Offshore Wind Energy
Offshore wind energy is a burgeoning industry in the United States. America's first offshore wind farm—located in Rhode Island, off the coast of Block Island—powered up on December 12, 2016 and is expected to decrease the island's electric rates by an estimated 40%. In addition, several other U.S. offshore wind projects are advancing through the development process.
The Energy Department's Wind Vision Report quantified the benefits from up to 22 gigawatts of installed offshore wind by 2030 and 86 gigawatts by 2050. In fact, the Wind Vision scenarios show that by 2050, offshore wind could be available in all coastal regions nationwide.
Despite the fact that projects planned for U.S. waters often face unique planning, siting, and permitting challenges, interest in developing offshore wind energy exists in coastal areas because of the proximity of offshore wind resources to population centers, the potential for local economic development benefits, and superior wind resources.
More Information on Offshore Wind Energy
These resources provide additional information about offshore, utility-scale wind.
National Offshore Wind Strategy: Facilitating the Development of the Offshore Wind Industry in the United States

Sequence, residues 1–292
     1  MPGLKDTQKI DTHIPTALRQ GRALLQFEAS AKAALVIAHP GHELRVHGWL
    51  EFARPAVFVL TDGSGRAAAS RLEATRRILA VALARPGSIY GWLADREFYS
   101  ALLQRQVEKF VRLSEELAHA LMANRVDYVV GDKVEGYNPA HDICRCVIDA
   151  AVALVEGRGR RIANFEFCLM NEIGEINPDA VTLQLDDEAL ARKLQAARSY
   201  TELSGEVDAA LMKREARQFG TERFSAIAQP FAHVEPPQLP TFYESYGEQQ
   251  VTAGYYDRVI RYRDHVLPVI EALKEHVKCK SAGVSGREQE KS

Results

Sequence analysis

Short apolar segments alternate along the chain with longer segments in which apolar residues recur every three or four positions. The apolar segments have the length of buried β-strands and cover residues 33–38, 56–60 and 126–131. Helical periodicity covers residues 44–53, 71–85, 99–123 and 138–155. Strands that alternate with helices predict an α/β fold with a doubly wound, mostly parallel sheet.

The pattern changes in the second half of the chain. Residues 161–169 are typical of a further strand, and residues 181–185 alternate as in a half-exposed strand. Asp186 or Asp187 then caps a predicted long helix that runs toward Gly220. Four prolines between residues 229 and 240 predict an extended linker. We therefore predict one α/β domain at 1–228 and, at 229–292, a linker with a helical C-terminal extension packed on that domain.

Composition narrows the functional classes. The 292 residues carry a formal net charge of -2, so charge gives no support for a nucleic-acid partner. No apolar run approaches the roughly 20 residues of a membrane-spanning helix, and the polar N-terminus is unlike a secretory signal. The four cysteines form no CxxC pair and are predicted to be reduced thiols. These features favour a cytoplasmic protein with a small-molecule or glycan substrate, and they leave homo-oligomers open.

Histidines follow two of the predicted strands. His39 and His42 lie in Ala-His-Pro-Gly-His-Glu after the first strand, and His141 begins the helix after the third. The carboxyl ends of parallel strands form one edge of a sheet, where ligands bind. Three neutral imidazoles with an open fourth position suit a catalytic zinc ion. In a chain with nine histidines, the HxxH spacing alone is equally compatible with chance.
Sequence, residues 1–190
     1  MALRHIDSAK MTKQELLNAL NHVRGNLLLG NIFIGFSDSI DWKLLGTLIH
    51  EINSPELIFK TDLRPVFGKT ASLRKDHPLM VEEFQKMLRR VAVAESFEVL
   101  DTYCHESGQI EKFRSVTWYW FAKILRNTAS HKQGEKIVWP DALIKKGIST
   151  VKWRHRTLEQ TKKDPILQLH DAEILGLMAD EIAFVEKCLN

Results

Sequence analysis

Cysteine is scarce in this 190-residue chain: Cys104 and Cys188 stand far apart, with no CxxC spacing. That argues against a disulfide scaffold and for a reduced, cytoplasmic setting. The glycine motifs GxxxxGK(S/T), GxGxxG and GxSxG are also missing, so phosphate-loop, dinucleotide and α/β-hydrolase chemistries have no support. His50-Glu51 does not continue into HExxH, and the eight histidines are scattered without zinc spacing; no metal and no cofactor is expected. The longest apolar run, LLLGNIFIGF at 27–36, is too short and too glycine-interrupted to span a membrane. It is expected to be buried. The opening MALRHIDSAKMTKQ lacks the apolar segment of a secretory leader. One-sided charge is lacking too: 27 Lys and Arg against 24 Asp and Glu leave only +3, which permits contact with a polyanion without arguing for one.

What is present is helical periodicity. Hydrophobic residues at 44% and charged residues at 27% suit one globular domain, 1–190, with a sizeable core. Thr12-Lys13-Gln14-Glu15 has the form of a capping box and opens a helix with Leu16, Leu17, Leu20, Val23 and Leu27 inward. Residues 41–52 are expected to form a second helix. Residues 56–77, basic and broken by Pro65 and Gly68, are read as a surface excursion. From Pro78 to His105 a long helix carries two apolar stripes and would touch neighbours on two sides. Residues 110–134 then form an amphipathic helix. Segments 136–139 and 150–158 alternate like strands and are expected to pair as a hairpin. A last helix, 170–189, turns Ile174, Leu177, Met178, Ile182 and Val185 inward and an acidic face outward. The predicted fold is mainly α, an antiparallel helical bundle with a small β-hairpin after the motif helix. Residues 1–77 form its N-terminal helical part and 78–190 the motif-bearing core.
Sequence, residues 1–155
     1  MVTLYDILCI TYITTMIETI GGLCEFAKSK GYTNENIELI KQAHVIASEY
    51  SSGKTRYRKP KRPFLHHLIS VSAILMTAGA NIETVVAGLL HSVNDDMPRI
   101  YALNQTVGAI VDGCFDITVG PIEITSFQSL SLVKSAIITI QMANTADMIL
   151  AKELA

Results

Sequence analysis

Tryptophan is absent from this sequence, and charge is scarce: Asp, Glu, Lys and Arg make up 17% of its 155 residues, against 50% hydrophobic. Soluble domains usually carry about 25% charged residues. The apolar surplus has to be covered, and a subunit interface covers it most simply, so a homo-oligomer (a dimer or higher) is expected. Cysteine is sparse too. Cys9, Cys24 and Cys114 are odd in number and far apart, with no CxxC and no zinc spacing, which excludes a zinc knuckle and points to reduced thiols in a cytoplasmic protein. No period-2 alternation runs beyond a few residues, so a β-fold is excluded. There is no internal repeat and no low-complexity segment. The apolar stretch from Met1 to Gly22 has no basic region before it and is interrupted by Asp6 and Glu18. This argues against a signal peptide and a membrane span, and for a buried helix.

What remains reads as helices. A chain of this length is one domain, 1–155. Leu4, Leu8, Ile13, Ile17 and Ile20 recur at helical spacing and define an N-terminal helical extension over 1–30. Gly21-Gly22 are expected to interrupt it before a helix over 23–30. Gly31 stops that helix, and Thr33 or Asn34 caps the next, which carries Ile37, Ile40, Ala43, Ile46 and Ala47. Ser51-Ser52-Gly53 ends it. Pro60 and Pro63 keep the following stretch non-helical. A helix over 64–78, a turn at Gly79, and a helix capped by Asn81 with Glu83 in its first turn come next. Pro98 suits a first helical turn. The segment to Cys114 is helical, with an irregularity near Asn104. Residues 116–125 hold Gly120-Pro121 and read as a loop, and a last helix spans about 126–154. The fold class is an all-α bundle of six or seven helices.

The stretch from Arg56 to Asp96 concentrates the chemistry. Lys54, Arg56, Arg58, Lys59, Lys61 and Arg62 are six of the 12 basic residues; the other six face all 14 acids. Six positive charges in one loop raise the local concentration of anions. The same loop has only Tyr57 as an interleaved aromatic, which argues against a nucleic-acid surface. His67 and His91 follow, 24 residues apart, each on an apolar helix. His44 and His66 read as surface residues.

The U.S. Department of Energy, through its Wind Energy Technologies Office, and the U.S. Department of the Interior, through its Bureau of Ocean Energy Management, jointly produced this updated national strategy to facilitate the responsible development of offshore wind energy in the United States.
The 2017 Offshore Wind Market Update is intended to provide stakeholders with quantitative information about the offshore wind market, technology, and cost trends in the United States and worldwide.
National Renewable Energy Laboratory researchers published an assessment of the economic resource potential of offshore wind, describing the spatial variation of levelized cost of energy (LCOE) and levelized avoided cost of energy to understand the economic viability of fixed-bottom and floating offshore wind technologies across major U.S. coastal areas between 2015 and 2030. This study offers insights into the available offshore wind resource by region at different levels of LCOE and an assessment of the economically viable resource capacity in the United States.
Using the offshore wind Jobs and Economic Development Impacts (JEDI) model, researchers developed four case studies of potential offshore wind deployment scenarios in different regions of the United States: the Southeast, the Great Lakes, the Gulf Coast, and the Mid-Atlantic.
This website provides access to documents related to offshore wind policy, technology, economics, and siting.
The Tethys database is a knowledge management system that actively gathers, organizes, and disseminates information on the environmental effects of marine and wind energy development.